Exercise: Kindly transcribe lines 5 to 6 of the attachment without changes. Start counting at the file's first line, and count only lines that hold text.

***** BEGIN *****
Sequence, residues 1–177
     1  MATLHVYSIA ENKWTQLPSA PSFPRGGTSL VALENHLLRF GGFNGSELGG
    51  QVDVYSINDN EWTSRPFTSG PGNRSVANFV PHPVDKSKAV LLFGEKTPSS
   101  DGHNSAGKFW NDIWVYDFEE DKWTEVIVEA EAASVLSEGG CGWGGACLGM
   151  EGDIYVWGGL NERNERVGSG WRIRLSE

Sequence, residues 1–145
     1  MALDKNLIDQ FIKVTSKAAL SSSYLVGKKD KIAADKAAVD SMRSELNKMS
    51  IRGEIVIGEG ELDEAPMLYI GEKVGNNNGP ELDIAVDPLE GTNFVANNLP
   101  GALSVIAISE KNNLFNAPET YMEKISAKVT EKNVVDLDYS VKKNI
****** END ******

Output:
   151  EGDIYVWGGL NERNERVGSG WRIRLSE

Sequence, residues 1–145